basis for such phenomena can be established. Corbin, who was an intimate colleague of Jung, delved deeply into the ancient mystical traditions of Iran, and through the work of Zarathustra, Mazdean angelology, and Sufism discovered an inner world of archetypal forms and entities (consisting of subtle bodies, as in the Tibetan tradition) that lies between cognitive awareness and the five physical senses. This dimension of active imagination, or medio mundi, requires an organ of perception inherent in the soul, one that “implies an intellectual faculty that is not limited to the sole use of conceptual abstraction nor to the sensory perception of physical data.”25 Accessing this dimension thus reveals an intermediate universe that is neither that of the Essences of philosophy nor that of the sensory data on which the work of positive science is based, but which is a universe of archetype-Images, experienced as so many personal presences.
Perceiving this intermediate universe through the faculty of visionary intuition reveals “a world of archetypal celestial Figures which the active- Imagination alone is able to apprehend. This Imagination does not construct something unreal, but unveils the hidden reality.”27 Corbin further emphasised that:
[…] the active Imagination thus induced will not produce some arbitrary, even lyrical, construction standing between us and ‘reality,’ but will, on the contrary, function directly as a faculty and organ of knowledge just as real as—if not more real than—the sense organs […] This being so, the authenticity of the Event and its full reality consist essentially of this visionary act and of the apparition vouchsafed by it.
It would be useless to invoke any form of divinity, higher or lower, without believing in such a being. The high point of any such right is the descent of the actual divinity (known as the ‘wisdom-being’ or jnanasattva) into the symbol of the divinity (the sacramental-being or samayasattva), which has been prepared for this mystical (or magical) conjunction. The practitioner is certainly taught that the divine forms are also emanations of his own mind, but they are not arbitrary imaginings and they are far more real than his own transitory personality, which is a mere flow […] of consubstantial elements. In learning to produce mentally such higher forms of emanation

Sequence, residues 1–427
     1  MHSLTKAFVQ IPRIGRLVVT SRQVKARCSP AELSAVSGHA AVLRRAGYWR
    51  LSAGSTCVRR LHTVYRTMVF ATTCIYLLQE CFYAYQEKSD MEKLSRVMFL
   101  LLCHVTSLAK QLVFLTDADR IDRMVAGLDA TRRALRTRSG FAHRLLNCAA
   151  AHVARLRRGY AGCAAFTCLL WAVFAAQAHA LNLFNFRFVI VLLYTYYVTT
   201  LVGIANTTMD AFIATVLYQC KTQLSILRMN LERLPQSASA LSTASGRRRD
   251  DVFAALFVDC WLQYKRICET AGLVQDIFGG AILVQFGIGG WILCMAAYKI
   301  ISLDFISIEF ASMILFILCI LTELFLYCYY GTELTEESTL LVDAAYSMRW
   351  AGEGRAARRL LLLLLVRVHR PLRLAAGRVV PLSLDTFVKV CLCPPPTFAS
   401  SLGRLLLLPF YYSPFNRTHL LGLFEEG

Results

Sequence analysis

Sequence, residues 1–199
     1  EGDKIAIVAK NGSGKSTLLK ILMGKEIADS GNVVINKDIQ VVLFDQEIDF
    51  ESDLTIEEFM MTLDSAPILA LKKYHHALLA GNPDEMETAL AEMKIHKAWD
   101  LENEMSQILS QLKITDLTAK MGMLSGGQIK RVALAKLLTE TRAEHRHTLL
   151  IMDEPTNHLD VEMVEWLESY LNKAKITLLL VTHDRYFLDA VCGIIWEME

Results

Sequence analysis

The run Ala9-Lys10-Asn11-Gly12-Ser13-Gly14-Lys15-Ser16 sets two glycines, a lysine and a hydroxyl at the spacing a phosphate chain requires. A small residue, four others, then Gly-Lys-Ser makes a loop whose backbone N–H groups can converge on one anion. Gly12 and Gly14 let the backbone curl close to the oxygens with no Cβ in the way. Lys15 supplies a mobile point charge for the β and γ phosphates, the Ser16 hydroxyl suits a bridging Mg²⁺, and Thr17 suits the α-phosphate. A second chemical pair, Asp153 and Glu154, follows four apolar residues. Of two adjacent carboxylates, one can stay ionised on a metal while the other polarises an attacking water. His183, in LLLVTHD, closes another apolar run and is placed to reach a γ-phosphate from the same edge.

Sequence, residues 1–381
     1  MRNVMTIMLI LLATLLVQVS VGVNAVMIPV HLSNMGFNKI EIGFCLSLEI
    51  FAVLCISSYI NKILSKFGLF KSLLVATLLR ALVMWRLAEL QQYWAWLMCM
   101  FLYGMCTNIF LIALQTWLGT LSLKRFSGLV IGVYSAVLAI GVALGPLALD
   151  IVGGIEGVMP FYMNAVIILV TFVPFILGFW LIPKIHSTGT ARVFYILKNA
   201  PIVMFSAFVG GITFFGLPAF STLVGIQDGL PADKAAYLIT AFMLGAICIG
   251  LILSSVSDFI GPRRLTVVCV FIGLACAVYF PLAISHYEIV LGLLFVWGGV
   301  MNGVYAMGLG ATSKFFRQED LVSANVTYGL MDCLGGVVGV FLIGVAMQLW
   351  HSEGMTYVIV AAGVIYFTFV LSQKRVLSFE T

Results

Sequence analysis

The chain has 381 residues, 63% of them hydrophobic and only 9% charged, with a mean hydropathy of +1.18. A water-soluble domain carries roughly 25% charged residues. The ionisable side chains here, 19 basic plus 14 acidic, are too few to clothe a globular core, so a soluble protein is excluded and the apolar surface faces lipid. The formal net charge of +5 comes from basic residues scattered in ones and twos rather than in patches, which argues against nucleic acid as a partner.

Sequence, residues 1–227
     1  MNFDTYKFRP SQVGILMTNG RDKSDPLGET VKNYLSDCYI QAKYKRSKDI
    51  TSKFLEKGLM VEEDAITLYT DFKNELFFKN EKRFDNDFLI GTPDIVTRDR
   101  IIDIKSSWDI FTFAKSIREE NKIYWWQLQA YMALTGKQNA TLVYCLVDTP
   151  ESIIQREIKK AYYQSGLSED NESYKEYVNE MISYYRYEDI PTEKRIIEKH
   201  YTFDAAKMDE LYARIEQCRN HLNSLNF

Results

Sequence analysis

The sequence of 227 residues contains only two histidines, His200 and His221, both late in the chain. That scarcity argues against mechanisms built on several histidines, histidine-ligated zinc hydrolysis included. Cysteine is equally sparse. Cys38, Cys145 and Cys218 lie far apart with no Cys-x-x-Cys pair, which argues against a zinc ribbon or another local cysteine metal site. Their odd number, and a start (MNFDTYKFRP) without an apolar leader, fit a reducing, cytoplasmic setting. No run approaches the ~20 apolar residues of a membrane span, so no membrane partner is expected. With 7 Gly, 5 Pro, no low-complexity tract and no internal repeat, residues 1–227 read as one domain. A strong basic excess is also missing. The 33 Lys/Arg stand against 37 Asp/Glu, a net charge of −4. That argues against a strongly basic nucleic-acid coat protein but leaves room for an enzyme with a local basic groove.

25 Corbin: 4. 26 Corbin: 4. 27 Corbin: 11-12. 28 Corbin: 11.
This manner of visionary perception not only provides access to multiple psychic planes, but according to Corbin also serves to transform the physical Earth into a visionary geography in which “the Imago Terrae can reflect its own Image back to the soul, or reciprocally, that the soul can fix its meditation on the archetype-Image.”30 Thus, the various paradises in the esoteric cosmology of all religious traditions are understood as the scene of visionary events in which plants, water, mountains are transmuted into symbols, that is, perceived by the organ of an Image which itself is the presence of a visionary state. Like the heavenly Figures, the earthly landscapes then appear haloed with the Light of Glory, restored to their paradisal purity.31 Corbin further emphasised that:
The active Imagination perceives and shows itself an Earth which is other than the Earth which is seen in ordinary sensory experience […]. Phenomenologically, we should understand it as being at the same time the Light which constitutes, haloes, and enlightens the soul, and the primordial Image of itself which the soul projects. […] The Imago Terrae, while it is the organ of perception itself, also signifies those aspects and figures of the Earth that are perceived, no longer simply by the senses nor as sensory empirical data, but by the archetype-Image, the Image a priori of the soul itself. The Earth is then a vision, and geography a visionary geography.
The most essential representation of this Soul of the World is the Sacred Feminine, and especially the figure of the Great Goddess, which concurrently finds expression in such archetypes as the World Mountain (a universal image that is further delineated below). As outlined previously, such entities are accessed in the mundus imaginalis, an intermediate dimension that is itself the centre—the “meeting place of Heavenly Beings and Earthly Beings,”33 of time and eternity—and as such “the Earth of visions has to be reached in medio mundi, where real events are the visions themselves.”34 Such a psychic/subtle dimension thus represents “a world symbolizing with the sensory, which it precedes, and with the intelligible, which it imitates. It is a mixed world, mediating between the sensory and
29 Snellgrove: 131. 30 Corbin: 20. 31 Corbin: 16. 32 Corbin: 29-30. 33 Corbin: 16. 34 Corbin: 32.
the intelligible; it is the center of the worlds.”35 Thus, through such sacred mythic imagery as the World Mountain: […] what the soul shows to itself […] is precisely its own image […]. The universe thus imagined, free from misleading and perishable sensory data, is therefore a function of the pure transcendental Imagination and depends only on its categories, which are a priori archetypal Images.36
Corbin further stressed that although such images and entities possess an independent existence in the subtle dimension of the mundus imaginalis, they may also on occasion manifest in the company of earthly inhabitants, and indeed their symbolic existence finds ubiquitous expression in the art of both world culture and religion.